The link I posted is for these two tools together for $29.95 if Im not mistaken.

Then there is is this Ring nut tool for $22.50. It says tool but the pic shows two pieces?

You're saying buy the Ring Nut tool for $22.50 to do this job?
I think the picture shows 2 views of the same tool, the top and the bottom. It has the same part number as the workshop manual calls for, but, as greasy says, the other tool works also, so I guess you can take your pick!

Cheers,

Bob
Banned
29,000 miles on my atlantic pastel green 2007 GTS 250
Joined: 11 Apr 2007
Posts: 4332
Location: Utah Valley
Wed Dec 12, 2007 6:43 pm quote
Today, I finally did it. The damned special tool didn't fit well, whoever built it must be cross-eyed. Oh how I hate that!

Anyway, it is all actually very easy, just like you say, Bob. I didn't notice the bearing being loose but tightened it to specs, and the twitchyness is gone. How nice!

Without torqueing, I would have had a hard time, though, telling whether it was too tight or too loose. It all felt the same on the front wheel. So, I strongly recommend using the tool that allows applying a torque wrench.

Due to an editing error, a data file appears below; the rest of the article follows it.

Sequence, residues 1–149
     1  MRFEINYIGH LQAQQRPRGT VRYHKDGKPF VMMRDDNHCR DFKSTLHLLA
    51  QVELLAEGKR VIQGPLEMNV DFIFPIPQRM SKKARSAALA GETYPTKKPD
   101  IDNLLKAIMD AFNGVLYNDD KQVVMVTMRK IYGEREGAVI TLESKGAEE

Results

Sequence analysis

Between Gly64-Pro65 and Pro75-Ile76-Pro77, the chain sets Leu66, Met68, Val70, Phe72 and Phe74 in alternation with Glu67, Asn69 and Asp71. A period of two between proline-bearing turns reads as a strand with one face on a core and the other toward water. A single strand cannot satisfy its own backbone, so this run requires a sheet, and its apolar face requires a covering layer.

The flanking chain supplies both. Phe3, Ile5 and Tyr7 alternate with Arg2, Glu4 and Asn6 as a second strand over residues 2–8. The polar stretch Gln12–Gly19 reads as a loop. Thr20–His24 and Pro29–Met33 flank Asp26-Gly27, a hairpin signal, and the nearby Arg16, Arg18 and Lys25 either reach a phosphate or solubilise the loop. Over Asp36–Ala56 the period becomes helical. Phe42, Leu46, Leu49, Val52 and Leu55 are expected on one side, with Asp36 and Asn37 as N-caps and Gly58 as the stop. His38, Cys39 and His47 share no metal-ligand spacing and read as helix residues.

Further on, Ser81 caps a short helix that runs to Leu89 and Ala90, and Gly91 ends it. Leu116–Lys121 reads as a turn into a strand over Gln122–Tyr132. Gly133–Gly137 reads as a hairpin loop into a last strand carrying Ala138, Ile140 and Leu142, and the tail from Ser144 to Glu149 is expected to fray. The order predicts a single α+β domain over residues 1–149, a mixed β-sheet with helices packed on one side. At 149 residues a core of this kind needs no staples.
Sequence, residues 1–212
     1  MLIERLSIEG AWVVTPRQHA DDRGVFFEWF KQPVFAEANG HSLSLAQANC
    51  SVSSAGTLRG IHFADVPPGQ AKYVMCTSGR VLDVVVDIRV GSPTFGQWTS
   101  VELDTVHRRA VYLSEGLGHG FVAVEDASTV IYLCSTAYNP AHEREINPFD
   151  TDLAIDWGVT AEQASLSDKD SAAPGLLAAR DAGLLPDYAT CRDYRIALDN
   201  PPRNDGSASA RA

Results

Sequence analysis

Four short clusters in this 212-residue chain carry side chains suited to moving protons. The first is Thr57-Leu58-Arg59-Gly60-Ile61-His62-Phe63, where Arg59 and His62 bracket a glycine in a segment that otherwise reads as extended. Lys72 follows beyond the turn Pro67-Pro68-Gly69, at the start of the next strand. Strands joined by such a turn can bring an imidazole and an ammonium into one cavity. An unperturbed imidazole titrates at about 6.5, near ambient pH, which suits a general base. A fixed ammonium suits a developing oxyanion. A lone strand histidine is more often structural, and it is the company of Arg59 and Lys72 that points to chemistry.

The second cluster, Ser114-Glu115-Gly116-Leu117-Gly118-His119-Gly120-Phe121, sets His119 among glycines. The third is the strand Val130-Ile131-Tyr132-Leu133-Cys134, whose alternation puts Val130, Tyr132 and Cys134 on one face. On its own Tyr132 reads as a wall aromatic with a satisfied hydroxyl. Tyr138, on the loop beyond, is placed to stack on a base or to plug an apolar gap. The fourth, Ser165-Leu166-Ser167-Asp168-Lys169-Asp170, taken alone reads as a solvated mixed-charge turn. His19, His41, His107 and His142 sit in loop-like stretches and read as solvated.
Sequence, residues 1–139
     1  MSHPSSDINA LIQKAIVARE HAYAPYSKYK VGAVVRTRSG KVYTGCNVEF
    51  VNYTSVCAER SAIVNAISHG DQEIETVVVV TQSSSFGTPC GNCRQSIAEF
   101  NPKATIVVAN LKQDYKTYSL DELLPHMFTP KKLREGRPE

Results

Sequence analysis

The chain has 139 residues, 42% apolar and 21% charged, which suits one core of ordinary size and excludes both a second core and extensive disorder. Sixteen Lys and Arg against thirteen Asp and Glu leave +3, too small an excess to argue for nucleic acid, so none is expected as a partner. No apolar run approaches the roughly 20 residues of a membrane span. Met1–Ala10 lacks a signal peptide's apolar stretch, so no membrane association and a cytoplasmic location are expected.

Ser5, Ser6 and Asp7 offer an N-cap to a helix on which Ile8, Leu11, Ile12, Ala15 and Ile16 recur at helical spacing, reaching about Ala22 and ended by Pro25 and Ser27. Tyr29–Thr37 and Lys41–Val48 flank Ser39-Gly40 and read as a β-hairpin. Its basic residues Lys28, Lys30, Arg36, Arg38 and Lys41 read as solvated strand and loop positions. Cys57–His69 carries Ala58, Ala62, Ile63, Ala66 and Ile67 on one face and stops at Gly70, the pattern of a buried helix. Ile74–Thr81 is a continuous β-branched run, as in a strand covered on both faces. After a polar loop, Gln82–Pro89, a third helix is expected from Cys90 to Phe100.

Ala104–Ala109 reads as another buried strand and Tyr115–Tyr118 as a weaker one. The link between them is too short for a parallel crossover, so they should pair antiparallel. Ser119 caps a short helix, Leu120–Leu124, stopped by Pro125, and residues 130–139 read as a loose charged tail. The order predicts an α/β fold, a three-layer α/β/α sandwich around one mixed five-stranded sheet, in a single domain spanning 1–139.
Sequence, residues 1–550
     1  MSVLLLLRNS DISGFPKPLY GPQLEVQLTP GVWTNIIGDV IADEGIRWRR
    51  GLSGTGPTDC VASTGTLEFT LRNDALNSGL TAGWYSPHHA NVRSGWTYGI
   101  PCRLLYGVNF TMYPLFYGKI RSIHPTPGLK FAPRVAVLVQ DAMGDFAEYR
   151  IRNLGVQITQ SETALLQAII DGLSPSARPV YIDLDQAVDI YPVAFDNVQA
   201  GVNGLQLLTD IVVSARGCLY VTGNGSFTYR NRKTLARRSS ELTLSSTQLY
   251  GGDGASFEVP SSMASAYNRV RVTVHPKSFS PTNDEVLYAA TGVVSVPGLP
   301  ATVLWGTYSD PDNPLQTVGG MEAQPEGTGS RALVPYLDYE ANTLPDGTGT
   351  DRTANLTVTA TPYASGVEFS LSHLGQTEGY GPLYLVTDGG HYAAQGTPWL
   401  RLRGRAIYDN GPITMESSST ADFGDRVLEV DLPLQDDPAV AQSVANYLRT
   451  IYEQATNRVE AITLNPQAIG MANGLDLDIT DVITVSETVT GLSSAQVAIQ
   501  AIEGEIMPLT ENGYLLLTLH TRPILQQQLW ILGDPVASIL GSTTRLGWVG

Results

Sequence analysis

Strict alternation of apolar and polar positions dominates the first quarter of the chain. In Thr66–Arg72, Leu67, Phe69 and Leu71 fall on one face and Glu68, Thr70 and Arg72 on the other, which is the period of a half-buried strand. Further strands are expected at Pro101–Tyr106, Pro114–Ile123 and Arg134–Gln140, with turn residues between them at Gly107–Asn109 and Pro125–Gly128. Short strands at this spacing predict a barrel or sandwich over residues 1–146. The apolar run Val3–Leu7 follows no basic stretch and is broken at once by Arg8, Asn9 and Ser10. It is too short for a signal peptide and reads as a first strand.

Now that it is back together, I remember having forgotten to tighten the speedo cable ring nut. I guess I'll know when it came off...
Testing the speedo cable connection is quite easy without a helper too. Just kick the wheel in motion and look on the speedo at the same time.

This is also a good opportunity to make sure the multi-plug into the gauge cluster fits correctly, and the rubber cover seals it well.

I noticed on my 2007 GTS, there was no fastener underneath the gauge cluster:



BTW, this is a sight you want to avoid:



Those who know can tell that I had it almost back together...when I found this plastic cover on the floor that was supposed to go over the bearing instead. Oh well, more practice time...

I found the hardest part was to decide at which point the handlebars are on perfectly perpendicular. I think I hit it.
Hooked
Currently Vespaless
Joined: 12 Oct 2007
Posts: 271
Location: Honolulu, HI
Tue Dec 25, 2007 2:55 pm quote
Question
Question: When making the adjustment & then reassembling, How do you measure/ascertain that your steering is perfectly straight and your handlebars
perfectly level/horizontal?
Hooked
Vespa LX 150
Joined: 27 Dec 2005
Posts: 198
Location: Stockholm, Sweden
Wed Dec 26, 2007 2:54 am quote
I never knew how to figure out either if the handlebars are straight. I had an accident last year and the handlebars were a bit off on the left. But the guy at the repair shop, put the wheels in a long metal rail which held them both aligned and then moved the handlebars until he said they are in the right position.